Stripmine reclamation typically refers to practices employed to re-establish acceptable vegetative cover on spoils that have been removed to uncover mineral resources such as coal. In much of the coal-mining region of the United States, mined land reclamation typically consists of planting tall fescue and tree seedlings to control erosion. Tall fescue persists better than many other species planted on minespoils in temperate climates because of its low fertility requirements, adaptation to a wide range of soil pH, and tolerance of drought and poor drainage (Evanylo et al., 2005; Ditsch and Collins, 2000; Haering et al., 2004).

Vast areas in the U.S. Appalachia and Midwest that were mined before the establishment of rules by the Surface Mining Control and Reclamation Act of 1977 have been overseeded predominantly with tall fescue for soil stabilization (Johnson and Skousen, 1995). Akala and Lal (2001) suggested that these lands could serve as significant sinks for C sequestration. They measured significant increases in soil organic C in the surface and subsoil over a period of 25 yr following reclamation in Ohio (Table 28-2). Their measurements indicated that minespoils reclaimed with pasture increased the soil organic C pool by 50 to 75 Mg ha-1 over 25 yr in the surface 30 cm.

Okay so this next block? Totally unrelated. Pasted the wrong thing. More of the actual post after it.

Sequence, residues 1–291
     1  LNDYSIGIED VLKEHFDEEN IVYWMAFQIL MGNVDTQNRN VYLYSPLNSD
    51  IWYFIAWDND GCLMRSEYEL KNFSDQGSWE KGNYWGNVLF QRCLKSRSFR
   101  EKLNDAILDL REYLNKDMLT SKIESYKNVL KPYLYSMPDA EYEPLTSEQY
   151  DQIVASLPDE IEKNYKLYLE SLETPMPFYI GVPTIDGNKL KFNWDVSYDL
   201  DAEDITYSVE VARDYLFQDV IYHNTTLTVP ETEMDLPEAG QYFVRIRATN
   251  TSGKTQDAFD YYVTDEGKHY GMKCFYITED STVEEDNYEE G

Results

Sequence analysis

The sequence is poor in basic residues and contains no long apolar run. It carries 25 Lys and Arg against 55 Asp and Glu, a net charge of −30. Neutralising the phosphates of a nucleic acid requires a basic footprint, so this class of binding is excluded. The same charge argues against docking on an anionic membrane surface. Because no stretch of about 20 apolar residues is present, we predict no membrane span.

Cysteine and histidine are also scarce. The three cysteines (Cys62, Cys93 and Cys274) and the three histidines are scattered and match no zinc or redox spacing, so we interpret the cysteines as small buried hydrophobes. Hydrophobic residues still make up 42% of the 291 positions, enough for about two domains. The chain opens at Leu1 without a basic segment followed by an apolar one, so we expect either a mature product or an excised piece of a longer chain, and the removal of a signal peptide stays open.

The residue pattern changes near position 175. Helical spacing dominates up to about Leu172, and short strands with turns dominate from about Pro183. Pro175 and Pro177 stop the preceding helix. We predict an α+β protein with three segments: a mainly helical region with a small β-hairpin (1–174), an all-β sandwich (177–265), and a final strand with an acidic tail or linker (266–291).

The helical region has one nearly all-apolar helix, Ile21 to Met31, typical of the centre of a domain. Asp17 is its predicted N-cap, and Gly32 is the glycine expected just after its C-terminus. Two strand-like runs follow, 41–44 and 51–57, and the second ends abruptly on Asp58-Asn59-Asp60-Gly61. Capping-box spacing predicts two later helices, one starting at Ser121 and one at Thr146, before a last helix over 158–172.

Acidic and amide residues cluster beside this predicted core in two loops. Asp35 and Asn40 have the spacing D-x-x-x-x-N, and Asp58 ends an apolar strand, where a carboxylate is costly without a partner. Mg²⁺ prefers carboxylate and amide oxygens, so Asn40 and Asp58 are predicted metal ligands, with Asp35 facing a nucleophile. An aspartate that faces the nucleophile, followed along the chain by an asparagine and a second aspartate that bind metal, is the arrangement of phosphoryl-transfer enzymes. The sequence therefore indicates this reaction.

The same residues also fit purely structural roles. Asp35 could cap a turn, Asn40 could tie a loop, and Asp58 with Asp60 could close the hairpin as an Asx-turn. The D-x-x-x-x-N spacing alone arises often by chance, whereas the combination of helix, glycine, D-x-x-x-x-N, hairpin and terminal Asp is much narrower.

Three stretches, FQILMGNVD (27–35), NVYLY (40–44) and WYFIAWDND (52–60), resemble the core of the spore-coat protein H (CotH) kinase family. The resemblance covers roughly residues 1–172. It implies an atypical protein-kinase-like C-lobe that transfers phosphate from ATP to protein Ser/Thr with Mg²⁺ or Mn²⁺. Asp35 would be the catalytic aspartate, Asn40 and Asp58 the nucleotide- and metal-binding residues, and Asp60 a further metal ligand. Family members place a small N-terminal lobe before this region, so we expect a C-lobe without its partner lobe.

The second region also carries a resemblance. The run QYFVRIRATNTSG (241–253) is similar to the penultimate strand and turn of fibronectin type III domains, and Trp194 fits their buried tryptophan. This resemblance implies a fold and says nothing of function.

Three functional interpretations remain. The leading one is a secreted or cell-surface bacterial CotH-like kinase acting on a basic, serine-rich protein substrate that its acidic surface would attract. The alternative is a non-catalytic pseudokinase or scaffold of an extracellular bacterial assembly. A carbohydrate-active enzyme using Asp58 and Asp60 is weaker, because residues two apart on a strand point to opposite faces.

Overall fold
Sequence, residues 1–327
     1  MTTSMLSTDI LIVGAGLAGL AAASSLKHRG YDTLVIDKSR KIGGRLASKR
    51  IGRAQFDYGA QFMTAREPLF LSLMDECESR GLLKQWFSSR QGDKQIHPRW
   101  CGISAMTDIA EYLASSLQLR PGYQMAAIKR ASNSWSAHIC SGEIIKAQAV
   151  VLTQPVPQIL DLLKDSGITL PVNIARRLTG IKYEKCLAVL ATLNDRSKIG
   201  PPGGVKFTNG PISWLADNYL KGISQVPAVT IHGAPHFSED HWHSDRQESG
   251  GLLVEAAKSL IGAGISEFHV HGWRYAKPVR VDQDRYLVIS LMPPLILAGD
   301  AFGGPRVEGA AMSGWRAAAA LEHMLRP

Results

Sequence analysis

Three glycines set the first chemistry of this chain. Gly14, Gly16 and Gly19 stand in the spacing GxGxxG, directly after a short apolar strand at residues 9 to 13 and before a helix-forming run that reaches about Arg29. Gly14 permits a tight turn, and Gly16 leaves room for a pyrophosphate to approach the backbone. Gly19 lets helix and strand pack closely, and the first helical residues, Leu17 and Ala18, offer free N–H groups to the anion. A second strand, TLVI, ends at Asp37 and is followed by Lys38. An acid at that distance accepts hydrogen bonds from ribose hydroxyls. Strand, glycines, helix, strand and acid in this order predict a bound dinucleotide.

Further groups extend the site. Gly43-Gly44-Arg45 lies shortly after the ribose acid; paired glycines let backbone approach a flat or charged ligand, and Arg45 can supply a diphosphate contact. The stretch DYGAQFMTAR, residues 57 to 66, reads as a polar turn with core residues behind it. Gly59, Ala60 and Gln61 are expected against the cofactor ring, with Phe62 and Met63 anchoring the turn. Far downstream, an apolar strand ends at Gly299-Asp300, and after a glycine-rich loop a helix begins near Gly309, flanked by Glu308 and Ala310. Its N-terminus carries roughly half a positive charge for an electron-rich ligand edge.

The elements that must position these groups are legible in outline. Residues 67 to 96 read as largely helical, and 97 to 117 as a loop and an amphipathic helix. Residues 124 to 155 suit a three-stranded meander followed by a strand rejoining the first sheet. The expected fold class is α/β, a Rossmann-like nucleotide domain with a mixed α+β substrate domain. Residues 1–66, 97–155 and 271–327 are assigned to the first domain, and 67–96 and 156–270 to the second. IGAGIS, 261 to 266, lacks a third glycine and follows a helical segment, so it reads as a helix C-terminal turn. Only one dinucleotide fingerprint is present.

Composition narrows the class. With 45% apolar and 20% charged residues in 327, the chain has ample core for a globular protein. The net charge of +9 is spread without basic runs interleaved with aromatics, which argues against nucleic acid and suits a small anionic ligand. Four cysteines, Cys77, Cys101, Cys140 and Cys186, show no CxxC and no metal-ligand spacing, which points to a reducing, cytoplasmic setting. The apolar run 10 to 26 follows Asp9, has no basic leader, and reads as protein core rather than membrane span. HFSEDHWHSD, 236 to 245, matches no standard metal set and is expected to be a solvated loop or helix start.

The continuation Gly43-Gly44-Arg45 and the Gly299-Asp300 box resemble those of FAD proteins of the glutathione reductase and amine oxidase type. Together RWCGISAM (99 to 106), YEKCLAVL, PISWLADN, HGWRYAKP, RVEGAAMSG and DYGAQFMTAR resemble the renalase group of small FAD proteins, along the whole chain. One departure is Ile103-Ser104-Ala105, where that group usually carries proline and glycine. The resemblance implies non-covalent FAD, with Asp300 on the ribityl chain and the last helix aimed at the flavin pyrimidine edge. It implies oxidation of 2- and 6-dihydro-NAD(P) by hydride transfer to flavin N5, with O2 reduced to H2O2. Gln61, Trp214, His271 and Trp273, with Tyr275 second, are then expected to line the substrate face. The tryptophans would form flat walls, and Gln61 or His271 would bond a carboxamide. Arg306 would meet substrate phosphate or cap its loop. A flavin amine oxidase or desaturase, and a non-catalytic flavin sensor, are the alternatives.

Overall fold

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Table 28-2. Accumulation of soil organic C in mine spoils covered with topsoil and seeded to big bluestem, little bluestem, orchardgrass, tall fescue, switchgrass, timothy, birdsfoot trefoil, and alfalfa (from Akala and Lal, 2001).




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